The results of other studies suggest that associatively activated representations of events may substitute for their referents in a variety of learning functions (see G. Hall, 1996, for a review). For example, Holland (1981a, 1990a) showed that rats could acquire an aversion to a food flavor if they were made ill in the presence of an auditory CS previously paired with that food. Likewise, presentation of an auditory signal for a particular food could substitute for the food itself in the extinction of a previously established aversion to that food (Holland & Forbes, 1982b) and in the overshadowing of learning of an aversion to another food flavor (Holland, 1983b). Furthermore, in many circumstances learned expectancies of particular events can control ongoing behavior (Holland & Forbes, 1982a; Trapold, 1970).
Representation of CS-US Relations: Occasion Setting
Holland (1983a) suggested that under some circumstances a CS acquires the ability to modulate the action of an association between another CS and the US. This modulatory power, often termed occasion setting, is typically studied with conditional discrimination procedures, in which the relation of one CS with the US depends on the presence or absence of another CS. For example, in a serial feature positive (FP) discrimination, a target CS is paired with food only when it is preceded by another feature CS (feature → target → food, target-alone → nothing). If the feature-target interval is sufficiently long, rats solve this discrimination by using the feature to set the occasion for conditioned responding based on target-US associations. By contrast, if the feature and target are delivered simultaneously on food-reinforced trials, rats instead form associations between the feature and the US, as anticipated by theories like the Rescorla-Wagner model.
Several kinds of evidence support a distinction between simple association and occasion setting (see Holland, 1992, and Swartzentruber, 1995, for reviews). Perhaps most convincing is the observation that the ability of a stimulus to act as an occasion setter is independent of any simple associations it may have with the US. For example, after serial FP training, repeated nonreinforced presentations of the feature alone typically have little lasting effect on its ability to modulate responding to the target cue, despite eliminating any CRs due to simple feature-US associations. A more dramatic example is found after feature negative (FN) discrimination training, in which the target is reinforced when presented alone but not reinforced when presented in compound with the feature CS. Analogous to FP discriminations, simultaneous FN discriminations establish inhibitory feature-US associations, whereas serial FN discriminations endow the feature with the ability to inhibit the action of the target-US association. After simultaneous FN training, direct featureUS pairings destroy the feature’s inhibitory powers, as measured by summation and retardation tests (Holland, 1984a). By contrast, after serial FN training, direct counterconditioning of the feature in this way often leaves intact (or even enhances) the feature’s ability to inhibit responding to the target (Holland, 1984a; Holland, Thornton, & Ciali, 2000; Rescorla, 1991). Thus, a negative occasion setter may at the same time elicit a strong CR and inhibit the ability of other CSs to elicit that CR.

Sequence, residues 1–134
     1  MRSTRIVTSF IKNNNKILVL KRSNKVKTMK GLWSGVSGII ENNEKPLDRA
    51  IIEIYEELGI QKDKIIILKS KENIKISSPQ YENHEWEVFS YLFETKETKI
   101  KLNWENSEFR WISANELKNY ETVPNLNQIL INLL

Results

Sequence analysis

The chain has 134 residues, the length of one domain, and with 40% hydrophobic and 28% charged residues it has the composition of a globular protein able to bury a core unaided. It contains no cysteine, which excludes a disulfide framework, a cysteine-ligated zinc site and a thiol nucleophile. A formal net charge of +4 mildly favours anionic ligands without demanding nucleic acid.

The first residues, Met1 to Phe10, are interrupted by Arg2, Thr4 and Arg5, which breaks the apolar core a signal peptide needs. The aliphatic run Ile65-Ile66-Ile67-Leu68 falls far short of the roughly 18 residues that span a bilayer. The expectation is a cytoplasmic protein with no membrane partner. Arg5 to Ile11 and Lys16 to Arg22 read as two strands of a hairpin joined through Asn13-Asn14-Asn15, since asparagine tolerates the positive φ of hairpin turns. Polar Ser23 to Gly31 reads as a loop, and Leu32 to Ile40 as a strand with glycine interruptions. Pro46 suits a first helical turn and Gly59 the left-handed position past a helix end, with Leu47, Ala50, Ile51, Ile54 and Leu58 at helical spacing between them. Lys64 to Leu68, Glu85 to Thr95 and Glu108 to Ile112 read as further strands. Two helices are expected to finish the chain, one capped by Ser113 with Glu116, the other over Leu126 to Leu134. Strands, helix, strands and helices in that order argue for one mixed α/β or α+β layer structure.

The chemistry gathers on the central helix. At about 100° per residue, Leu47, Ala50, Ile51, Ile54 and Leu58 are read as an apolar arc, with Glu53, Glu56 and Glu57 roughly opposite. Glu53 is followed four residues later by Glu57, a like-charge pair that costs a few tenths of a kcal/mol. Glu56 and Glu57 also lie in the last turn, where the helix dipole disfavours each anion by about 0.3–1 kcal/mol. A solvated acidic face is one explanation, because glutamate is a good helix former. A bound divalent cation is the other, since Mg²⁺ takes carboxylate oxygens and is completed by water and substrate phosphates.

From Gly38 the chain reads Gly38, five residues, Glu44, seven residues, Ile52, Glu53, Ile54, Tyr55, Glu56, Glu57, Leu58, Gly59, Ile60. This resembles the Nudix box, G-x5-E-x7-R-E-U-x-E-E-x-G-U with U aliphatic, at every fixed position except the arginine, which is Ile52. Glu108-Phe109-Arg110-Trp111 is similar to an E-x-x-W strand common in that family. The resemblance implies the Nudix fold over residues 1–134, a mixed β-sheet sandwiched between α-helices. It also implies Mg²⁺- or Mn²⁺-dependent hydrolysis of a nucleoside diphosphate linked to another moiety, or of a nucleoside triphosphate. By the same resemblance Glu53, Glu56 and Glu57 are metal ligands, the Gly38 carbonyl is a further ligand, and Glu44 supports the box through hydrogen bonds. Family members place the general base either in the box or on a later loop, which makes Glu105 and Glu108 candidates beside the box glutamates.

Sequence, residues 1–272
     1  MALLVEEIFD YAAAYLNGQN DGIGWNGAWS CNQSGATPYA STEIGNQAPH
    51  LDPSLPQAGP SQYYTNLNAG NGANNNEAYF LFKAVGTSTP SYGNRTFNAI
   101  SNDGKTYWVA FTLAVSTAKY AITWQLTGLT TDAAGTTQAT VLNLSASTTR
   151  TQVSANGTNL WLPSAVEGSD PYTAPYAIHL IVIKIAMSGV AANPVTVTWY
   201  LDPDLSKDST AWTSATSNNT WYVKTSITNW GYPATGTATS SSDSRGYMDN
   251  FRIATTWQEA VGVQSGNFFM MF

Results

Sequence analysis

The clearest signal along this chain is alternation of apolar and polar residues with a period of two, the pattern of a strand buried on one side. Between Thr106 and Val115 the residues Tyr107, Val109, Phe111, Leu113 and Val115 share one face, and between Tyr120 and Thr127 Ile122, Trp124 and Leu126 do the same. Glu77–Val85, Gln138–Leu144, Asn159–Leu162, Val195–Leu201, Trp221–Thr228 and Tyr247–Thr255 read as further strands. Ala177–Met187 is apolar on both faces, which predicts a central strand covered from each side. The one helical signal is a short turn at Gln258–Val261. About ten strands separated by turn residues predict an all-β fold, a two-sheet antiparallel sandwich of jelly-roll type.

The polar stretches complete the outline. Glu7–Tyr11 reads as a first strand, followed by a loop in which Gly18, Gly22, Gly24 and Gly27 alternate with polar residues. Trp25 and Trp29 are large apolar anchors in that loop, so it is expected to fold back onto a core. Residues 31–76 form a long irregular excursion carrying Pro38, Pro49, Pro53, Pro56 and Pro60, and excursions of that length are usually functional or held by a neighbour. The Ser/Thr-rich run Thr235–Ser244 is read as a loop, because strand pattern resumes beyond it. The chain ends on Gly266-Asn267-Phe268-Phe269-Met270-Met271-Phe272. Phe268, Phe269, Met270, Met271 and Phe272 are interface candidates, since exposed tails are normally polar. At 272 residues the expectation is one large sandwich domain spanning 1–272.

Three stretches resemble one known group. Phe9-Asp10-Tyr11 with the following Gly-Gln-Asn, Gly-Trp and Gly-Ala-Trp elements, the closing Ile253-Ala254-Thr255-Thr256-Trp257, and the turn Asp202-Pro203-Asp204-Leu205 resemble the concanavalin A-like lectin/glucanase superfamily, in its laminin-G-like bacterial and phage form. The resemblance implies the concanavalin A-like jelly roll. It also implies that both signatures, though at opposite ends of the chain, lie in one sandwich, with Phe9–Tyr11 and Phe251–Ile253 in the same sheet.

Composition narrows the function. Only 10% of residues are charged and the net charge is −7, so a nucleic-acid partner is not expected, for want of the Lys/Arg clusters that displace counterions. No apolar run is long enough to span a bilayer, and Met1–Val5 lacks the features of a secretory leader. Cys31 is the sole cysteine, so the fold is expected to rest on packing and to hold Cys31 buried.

Occasion-setting phenomena have been found in a variety of conditioning preparations, including, for example, autoshaped key pecking in pigeons, conditioned suppression of lever pressing in rats, rabbit eyelid conditioning, and drug discrimination training in rats (see Schmajuk & Holland, 1998, for examples). Not surprisingly, the conditions under which these phenomena are established, as well as the details of the phenomena themselves, vary from preparation to preparation. Nevertheless, the evidence suggests that modulatory functions of CSs are pervasive and substantial. Many investigators have suggested that experimental contexts, which may include spatial, geometric, and other features of the conditioning chamber, time of day, and so forth, are especially likely to play modulatory roles in conditioning (G. Hall & Mondragon, 1998; Holland & Bouton, 1999). Likewise, several researchers (e.g., Davidson, 1993; Holland, 1991; D. M. Skinner, Goddard, & Holland, 1998) have suggested that internal states, like hunger or thirst, may often act by modulating the effectiveness of other cues in eliciting learned or unlearned behaviors.